About 10% of the human population is allergic to dogs and that number rises to 15-30% for people with other allergies or asthma.
People have been touting “hypoallergenic” dog breeds as the panacea to dog allergies since Wally Conron bred the first allergy free Labradoodle seeing eye dogs for a family with dog allergies. Unfortunately, however, current scientific research suggests that dog allergies are quite often unique to each dog and human. The good news is that an allergy sufferer is likely to have a good chance of success with their breed of choice, and you can easily get any potential new pet tested (dander and urine) with a possibility of a good match. The bad news is that choosing hypoallergenic dogs is no guarantee of a sneeze free lifestyle.
What sets hypoallergenic dog breeds apart from the pack is that they have a hair coat versus a fur coat. These hair coats usually appear in one of thee styles: long and luxurious long coats which hold less dander, curly Q and wirehair coats that hold dander in tightly between grooming sessions, and hairless hounds with almost no place for dander to stick at all.
Dog breeds sporting hair have a few unique advantages, including a slower growing coat with less overall shedding and an innate need for constant grooming, which eliminates dander and other allergens (preferably at the groomer’s salon and not in your house). The problem, though, is that it’s not just the amount of hair or dander your dog spreads around, but also the concentration of the protein allergen in the dog’s dander, saliva, and waste that sets off an allergy sufferer. These traits vary by individual far more than by breed.
If your allergies are mild, allergy shots or antihistamines might be enough to keep you breathing easy. Washing hands after every interaction with your pet and avoiding touching the face can also make a big difference in how well you tolerate a dog allergy.
Here is a great list of tips to use around your home to minimize allergens:
- Feed your dog a high quality food with a fish oil or omega fatty acid supplement to minimize dander. Some recommend adding Brewer’s Yeast for trace minerals.
- Get your dog bathed and groomed regularly, and if you do it yourself, do it outside of the home.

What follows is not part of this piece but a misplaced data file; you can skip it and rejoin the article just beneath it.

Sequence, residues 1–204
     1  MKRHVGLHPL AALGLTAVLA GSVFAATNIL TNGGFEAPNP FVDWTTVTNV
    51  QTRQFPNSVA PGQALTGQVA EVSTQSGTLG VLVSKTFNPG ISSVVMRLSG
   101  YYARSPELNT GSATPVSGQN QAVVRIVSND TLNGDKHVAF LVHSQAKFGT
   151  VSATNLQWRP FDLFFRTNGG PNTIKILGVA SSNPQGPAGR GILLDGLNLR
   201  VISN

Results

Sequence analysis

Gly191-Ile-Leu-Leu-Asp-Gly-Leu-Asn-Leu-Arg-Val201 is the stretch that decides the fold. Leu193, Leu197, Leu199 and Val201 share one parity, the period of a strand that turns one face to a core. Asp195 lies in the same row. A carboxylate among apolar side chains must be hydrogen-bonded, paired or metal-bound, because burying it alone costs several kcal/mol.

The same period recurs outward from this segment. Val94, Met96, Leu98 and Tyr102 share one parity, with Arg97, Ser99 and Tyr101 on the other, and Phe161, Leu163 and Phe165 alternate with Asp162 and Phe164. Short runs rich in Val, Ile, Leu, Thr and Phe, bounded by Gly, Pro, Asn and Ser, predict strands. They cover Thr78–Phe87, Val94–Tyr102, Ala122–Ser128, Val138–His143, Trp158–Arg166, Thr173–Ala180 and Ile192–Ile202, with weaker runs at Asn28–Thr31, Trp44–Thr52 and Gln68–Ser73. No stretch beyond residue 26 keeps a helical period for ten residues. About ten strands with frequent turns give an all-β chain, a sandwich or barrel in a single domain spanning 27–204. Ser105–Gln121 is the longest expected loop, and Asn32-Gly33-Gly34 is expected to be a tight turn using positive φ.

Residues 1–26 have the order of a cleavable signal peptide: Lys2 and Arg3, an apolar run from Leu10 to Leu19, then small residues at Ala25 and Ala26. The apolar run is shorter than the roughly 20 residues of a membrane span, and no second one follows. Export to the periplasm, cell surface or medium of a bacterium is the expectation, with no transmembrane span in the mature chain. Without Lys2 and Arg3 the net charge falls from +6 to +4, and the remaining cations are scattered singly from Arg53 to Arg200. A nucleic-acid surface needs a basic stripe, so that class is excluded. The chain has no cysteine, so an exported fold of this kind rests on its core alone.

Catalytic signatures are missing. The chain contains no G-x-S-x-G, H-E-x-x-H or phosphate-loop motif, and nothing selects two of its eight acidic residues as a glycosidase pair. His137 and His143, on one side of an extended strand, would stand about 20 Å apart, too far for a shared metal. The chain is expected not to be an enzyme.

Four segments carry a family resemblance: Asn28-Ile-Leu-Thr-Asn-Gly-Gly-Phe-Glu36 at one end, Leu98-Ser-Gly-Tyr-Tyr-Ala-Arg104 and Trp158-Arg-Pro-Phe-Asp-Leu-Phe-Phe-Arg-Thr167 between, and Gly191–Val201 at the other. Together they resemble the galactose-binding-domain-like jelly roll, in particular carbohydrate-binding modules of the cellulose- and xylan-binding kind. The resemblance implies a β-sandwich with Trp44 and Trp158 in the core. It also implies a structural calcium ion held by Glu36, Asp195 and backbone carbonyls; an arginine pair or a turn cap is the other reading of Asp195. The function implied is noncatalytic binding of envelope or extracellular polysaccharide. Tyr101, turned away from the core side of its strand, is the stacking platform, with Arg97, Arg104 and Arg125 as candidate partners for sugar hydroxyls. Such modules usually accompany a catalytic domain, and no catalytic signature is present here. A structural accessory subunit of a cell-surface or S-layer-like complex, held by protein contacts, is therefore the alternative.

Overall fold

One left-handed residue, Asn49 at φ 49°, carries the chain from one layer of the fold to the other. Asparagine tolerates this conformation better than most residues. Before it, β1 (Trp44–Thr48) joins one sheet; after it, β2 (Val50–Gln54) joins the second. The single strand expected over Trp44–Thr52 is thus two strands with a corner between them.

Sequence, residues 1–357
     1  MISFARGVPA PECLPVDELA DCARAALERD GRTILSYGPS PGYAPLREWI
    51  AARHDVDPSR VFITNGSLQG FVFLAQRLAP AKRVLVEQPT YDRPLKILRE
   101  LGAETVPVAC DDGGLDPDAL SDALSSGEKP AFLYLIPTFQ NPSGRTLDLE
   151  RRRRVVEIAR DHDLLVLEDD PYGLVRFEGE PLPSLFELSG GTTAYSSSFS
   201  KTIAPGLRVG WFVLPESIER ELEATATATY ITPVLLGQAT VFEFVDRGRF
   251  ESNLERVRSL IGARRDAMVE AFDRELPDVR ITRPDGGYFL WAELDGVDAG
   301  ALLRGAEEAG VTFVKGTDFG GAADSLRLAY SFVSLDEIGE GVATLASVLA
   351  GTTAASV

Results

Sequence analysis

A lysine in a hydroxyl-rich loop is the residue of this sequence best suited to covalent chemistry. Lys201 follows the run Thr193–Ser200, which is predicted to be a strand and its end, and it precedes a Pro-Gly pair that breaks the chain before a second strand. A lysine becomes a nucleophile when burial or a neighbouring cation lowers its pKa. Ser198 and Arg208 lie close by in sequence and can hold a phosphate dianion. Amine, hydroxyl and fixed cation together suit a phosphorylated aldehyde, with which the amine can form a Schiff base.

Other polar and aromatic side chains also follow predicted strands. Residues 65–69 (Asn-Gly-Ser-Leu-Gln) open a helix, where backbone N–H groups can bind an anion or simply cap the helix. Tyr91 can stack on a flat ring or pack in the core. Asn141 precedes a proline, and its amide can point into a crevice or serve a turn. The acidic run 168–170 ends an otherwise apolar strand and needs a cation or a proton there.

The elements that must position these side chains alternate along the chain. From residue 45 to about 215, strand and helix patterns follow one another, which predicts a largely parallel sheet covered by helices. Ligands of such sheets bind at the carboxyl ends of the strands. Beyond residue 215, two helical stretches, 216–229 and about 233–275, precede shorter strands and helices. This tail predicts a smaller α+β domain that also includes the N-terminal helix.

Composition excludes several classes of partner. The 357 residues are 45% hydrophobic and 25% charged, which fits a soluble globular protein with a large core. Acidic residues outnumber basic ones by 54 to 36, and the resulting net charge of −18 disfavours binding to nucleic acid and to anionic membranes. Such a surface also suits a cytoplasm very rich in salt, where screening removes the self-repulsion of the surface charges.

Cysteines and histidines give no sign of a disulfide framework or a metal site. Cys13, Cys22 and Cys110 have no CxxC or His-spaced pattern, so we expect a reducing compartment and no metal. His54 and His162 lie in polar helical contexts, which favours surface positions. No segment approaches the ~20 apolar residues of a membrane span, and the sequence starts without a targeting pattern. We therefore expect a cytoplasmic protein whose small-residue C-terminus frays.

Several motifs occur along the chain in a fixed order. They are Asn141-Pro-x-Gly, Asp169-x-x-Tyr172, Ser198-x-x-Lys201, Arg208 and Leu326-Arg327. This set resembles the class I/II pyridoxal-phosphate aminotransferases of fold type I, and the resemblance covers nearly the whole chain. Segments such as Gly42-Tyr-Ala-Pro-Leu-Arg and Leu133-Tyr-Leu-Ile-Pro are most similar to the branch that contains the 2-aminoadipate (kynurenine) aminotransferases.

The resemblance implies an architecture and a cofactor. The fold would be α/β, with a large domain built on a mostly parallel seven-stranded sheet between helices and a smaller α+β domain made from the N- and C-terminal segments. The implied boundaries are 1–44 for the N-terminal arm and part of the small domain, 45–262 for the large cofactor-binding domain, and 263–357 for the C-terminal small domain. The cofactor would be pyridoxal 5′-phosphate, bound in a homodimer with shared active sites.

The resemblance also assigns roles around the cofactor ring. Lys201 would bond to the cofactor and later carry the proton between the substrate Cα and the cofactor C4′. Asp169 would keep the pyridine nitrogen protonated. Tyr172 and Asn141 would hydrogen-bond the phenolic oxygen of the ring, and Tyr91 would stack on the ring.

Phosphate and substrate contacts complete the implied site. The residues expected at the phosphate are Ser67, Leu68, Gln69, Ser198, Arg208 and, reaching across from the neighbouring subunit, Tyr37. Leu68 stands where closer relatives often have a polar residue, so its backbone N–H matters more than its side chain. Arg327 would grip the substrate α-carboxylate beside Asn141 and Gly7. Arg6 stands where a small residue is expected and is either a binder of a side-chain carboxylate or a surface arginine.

- Clean surfaces and vacuum regularly with a HEPA filter. A dust mask can make this chore less troublesome for allergy sufferers.
- Hypoallergenic pillow and mattress covers under your regular sheets can ensure allergens go out with the wash and don’t linger in your bed to harass you while you get your 8 hours of sleep. Keeping the dog out of the allergy sufferers bedroom entirely is even more effective.
- Wash all items the dog comes in contact with hot water and bleach.
- Upgrade all air filters, air conditioner filters and furnace filters to a HEPA certified version and change often.
- Open windows frequently to air out your house and increase air circulation.
- Carpets, rugs, drapes and upholstery are all known for holding on to allergens. Consider removing the wall to wall and upgrading to tile or hardwood with a minimum number of washable rugs in rooms pets frequent. If your dog is allowed on the couch, consider moving to leather with a washable throw blanket for him to lie on.
Most importantly, keeping other allergies at bay can significantly reduce allergy responses
to dogs. Avoiding common food allergy triggers such as dairy (or whatever your allergist recommends) boosts your immune system overall and reduces inflammation, as well as Vitamin C and a diet rich in anti-oxidants .
If you don’t have a dog yet, you should consider having hair and urine samples tested before you take a new pet home. If you already have a dog, getting him tested can help you best avoid your particular triggers. Some studies show that up to 14% of dogs in shelters are relinquished due to allergies in the home, a little prevention and maintenance could help more people and dogs live together in harmony.
The information provided in this article is not a substitute for professional veterinary help.